By Jennifer Jones, VP of Strategic Communications & Resource Development

When you walk around Counterpart’s headquarters, you’ll notice something everywhere you look – diversity and inclusion. You’ll see staff from around the world huddled up having discussions in several languages, filling up white boards, challenging each other, and celebrating staff contributions on our “Kudos” board in the lunch room. You’ll also see constant reminders that our work here in the comfort of our offices in Arlington, Virginia is really about the dirt roads and small villages, concrete-block schools and community gardens, kitchen tables where activists keep their dreams alive, and government meeting rooms where citizens are seated at a table with their government counterparts. If you walked into any of our field offices, you’ll see the same thing — diversity and inclusion and people huddled up to do one thing — to be in service.

Senegalese school children looking over concrete wall

Between 2011 and 2015, the Food for Education program in Senegal increased student enrollment for girls by 26 percent.

On Monday, January 15th, we remember Martin Luther King, Jr. and celebrate his legacy. When I look around our office, I am reminded of his words: “Life’s most persistent and urgent question is, ‘What are you doing for others?’” He taught us that “everybody can be great… because anybody can serve.” At Counterpart, we work every day to put these words into practice.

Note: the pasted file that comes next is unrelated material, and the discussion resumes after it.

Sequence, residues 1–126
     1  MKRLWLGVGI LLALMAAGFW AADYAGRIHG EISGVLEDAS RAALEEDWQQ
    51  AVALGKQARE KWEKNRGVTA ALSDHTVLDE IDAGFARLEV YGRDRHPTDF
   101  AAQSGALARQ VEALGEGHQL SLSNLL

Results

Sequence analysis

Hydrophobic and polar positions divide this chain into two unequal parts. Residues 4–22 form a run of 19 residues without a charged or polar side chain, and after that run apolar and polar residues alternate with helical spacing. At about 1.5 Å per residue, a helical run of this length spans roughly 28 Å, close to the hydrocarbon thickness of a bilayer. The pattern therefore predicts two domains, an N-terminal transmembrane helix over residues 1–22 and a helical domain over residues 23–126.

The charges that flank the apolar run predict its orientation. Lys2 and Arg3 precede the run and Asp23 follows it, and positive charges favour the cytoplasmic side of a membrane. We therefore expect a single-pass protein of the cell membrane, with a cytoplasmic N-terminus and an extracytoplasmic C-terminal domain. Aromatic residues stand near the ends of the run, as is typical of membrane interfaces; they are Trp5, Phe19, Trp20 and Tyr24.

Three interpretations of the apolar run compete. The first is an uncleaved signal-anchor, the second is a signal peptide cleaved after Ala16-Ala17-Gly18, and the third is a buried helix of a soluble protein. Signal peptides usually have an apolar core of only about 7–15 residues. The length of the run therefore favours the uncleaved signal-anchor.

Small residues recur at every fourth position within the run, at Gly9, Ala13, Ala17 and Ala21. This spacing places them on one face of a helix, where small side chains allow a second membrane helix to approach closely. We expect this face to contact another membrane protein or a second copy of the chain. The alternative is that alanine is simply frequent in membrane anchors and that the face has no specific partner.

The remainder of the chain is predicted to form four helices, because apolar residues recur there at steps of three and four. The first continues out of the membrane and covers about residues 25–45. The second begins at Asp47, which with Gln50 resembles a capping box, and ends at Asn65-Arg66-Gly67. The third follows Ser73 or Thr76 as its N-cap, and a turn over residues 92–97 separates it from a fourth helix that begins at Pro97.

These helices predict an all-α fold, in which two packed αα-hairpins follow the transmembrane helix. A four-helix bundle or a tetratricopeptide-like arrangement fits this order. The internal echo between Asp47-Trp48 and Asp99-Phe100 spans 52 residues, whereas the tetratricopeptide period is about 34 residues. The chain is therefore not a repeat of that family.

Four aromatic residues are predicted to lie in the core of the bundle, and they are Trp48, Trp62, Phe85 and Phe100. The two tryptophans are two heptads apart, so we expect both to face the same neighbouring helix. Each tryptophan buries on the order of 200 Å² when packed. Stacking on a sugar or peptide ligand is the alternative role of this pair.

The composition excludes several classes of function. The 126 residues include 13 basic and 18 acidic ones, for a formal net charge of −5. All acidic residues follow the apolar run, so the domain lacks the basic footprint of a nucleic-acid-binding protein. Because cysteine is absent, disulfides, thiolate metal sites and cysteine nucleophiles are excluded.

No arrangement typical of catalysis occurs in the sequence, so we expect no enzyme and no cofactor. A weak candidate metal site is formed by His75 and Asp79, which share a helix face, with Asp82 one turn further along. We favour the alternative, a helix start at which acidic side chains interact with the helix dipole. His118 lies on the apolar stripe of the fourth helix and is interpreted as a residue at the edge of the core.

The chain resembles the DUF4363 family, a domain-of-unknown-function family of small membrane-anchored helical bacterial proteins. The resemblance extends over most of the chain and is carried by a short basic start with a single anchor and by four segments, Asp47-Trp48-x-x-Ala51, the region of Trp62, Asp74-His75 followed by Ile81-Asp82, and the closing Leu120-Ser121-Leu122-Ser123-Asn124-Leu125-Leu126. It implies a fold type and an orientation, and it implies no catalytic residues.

I think about the Young African Leaders Initiative (YALI), a network of emerging African leaders who will move into public, private and social sector leadership roles in the coming years. O’Brien MaKore, a YALI fellow from Zimbabwe, told us, “I was challenged to discover the potential I didn’t know I had. That has played a central role in my work and the community I serve is benefitting immensely.”

I think about Sabin Khasiyeva, a young woman from Azerbaijan who was selected to participate in a Counterpart leadership program in her country, where only 12 percent of women hold decision-making positions in government. Most women don’t have the confidence to step up as leaders, despite their strong desires to be of service. Our program brings women together to gain the confidence needed to run for municipal office and serve their communities. Of the women we’ve trained, half have run for office, and nearly half of those have been elected! Sabin told us, “Now I never say, ‘I can’t do something.’ I believe I can overcome anything. I believe in myself and now others do too.”

Being in service is what drives us here at Counterpart. And we know that there are so many others like Sabin and O’Brien who want to be in service in their communities to give everyone a voice, to ensure everyone’s basic human rights are protected, that everyone has the opportunity to reach their potential. So as I pause and reflect today, I nod to another quote from Martin Luther King, Jr. I have on my wall: “I can never be what I ought to be until you are what you ought to be.”

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